On a turn, a player draws three cards into their hand (hand limit of six) and then plays up to three cards. Cards come in three flavours – defence, attack and action. Defence cards are mainly added to your lands to add strength to them (they’ll have a number from 1 to 5), while attack cards are played on your opponents’ lands to destroy those defences. Action cards do all kinds of things: everything from stealing opponents’ lands to blocking incoming attacks to taking an extra turn.

You have to destroy a land’s defences before you can destroy the land – and once all of a player’s land is gone, you can attack their fort’s defences before you destroy the fort. Once a player loses their fort, they’re out of the game. If the deck of cards runs out while more than one player remains, those left count the points on their remaining defensive cards – highest score wins.

The four sides

These are me, plus three fictitious players drawn from observing my friends and their respective quirks and play styles.

  • The father: A small box, light game with a sub one-hour play time will always get play time in our household. The game is easy to teach and quick to learn; while playing with two players limits some of the issues when playing a take-that style game with younger children. The theme and art capture the imagination and provide the hook needed to engage younger players. However, the game’s footprint can be surprisingly large; depending on the cards you draw it can expand rapidly.
  • The son (aged 6): This game is really interesting, having recently learned about different types of castles at school. The numbers on the cards are clear and the rules are easy to understand. Having two rounds to only play defence cards means you don’t find yourself immediately under attack. The more complicated elements [fortune and mercy cards] are not too difficult to understand and use in play. However, some of the more text heavy cards are still too much at this point; particularly the action cards which can counteract certain attacks. A wider use of iconography would have made this easier to understand.
  • The thinker: There isn’t much here for the more advanced gamer. Too much of the game is on rails, with there being a fair chance you’ll have no meaningful decisions to make on some of your turns. There’s also too much luck, with some cards simply being better than others: if you happen to draw the couple of +5 cards you’ve got a clear advantage on the other players. And connected to this, once you know the deck, the strategy becomes one-dimensional: save your own big cards and wait for the other big cards and deal with them, or bash whoever got the lucky draws. Not for me.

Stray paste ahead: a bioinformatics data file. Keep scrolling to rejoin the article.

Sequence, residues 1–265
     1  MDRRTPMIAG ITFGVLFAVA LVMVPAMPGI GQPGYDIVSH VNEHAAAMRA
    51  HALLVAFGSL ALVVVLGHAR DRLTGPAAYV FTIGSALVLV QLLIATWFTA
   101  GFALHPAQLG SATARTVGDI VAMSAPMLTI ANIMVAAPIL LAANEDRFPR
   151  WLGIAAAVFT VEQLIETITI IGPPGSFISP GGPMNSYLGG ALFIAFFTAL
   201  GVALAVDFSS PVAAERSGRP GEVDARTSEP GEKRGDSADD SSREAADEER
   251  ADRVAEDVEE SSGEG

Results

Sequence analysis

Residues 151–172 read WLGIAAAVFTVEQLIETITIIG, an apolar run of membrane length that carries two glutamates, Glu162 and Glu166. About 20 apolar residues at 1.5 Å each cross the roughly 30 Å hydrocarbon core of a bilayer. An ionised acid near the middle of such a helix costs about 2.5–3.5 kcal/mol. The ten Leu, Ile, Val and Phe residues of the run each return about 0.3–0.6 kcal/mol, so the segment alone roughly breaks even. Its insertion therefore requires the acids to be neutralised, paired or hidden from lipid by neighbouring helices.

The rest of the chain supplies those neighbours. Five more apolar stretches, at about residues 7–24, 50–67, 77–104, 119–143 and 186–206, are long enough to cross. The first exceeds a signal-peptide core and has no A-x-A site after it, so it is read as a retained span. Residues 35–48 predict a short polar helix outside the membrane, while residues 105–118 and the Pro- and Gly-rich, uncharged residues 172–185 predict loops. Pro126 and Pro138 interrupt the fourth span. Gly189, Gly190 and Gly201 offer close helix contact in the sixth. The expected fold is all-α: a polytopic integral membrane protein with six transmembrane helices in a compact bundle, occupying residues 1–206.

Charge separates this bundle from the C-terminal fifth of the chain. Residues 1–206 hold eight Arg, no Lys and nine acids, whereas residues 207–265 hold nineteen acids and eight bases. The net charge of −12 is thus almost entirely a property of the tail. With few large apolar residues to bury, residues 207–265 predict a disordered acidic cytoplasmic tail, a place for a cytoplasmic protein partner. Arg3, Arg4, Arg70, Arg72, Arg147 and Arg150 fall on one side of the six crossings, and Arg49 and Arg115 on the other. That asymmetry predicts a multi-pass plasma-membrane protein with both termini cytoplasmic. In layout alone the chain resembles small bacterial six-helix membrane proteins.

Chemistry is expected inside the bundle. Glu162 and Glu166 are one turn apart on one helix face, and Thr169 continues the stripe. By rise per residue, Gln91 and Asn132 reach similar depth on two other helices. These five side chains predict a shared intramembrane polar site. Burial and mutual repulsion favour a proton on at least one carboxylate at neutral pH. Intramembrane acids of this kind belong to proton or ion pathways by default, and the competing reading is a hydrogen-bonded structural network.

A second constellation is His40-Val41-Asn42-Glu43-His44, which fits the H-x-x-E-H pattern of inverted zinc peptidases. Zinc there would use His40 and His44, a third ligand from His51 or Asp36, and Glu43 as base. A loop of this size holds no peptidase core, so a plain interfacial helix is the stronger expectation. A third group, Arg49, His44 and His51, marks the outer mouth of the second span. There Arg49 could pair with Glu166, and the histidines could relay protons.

• The dabbler: As a light filler game, this works. Everyone is quickly up to speed on the rules and the play is relatively quick, even with the most AP prone players at the table. Uncharacteristically for a take-that style game the attacking was fairly balanced, with people preferring to attack the player in the strongest position as opposed to eliminating players. The end game dragged slightly as players withheld cards on the off chance they could be used to repel attacks or gain last minute points. But a good starter game for an evening or ‘between games’ game.

Key observations

For me, Take the Kingdom is a light family or children’s game. For these games to work they need to be as simple as possible and give their players as much help as they can. This is a simple game, but it can do a little more in the help department.

There is currently an awful lot of text on the cards – almost all of which could be replaced with icons. As an example, “Used against structural defences. Remove all Hills, Walls, Moats and Battlements from a single Land or Fort card.” Half that text could be replaced with one icon. Similarly, every attack card says “cause 1 point of damage to an enemy fort, land or defence”. This is 100% superfluous and will simply put off the many players who don’t like ‘cards with words’ games. Making the cards simple is key to making this game appeal to its core audience.

Another concern when dealing with younger gamers is the way take-that elements work. Take the Kingdom very much allows for players to choose a target and pick on them mercilessly until they are defeated (which they will be). Some people will find this hilarious, some won’t do it all, but you really need to know your fellow players: played meanly, there really is nowhere to hide here, despite the opening few rounds allowing you to build up your defences (if you draw any – but that’s another point entirely…).

My final concern is outlying cards, and luck of the draw. Take the Kingdom’s strength lies in its simplicity, but you need to gauge your audience. An example is the game’s three penalty cards. The player who draws one cannot play a certain type of card that round (action, attack or defence, depending on the penalty). If one player draws all three, they’ll feel unfairly unlucky (and rightly so): and certain people don’t deal with that well. Another game would have said that, when one of these is drawn, it affects all players for that round for fairness. This is not one of those games.

Conclusion

While the designer ensures me gamers have loved Take the Kingdom, that certainly wasn’t the case with my friends – or with me.

While we liked its simplicity and stripped back nature, and everything clicks nicely in design terms, there aren’t many choices – and some cards (all randomly drawn) are too much better than others.

However, having given it to a friend (who helped out with chunks of this review – thanks Chris Fenton and family!) with a largely non-gaming wife and enthusiastic gamer son, it was nice to see it appreciated by a younger and less gamery audience. But even then, the text came back to haunt it. As sis understandable with smaller publishers, it seems the game hasn’t been tested with enough people who are part of the industry.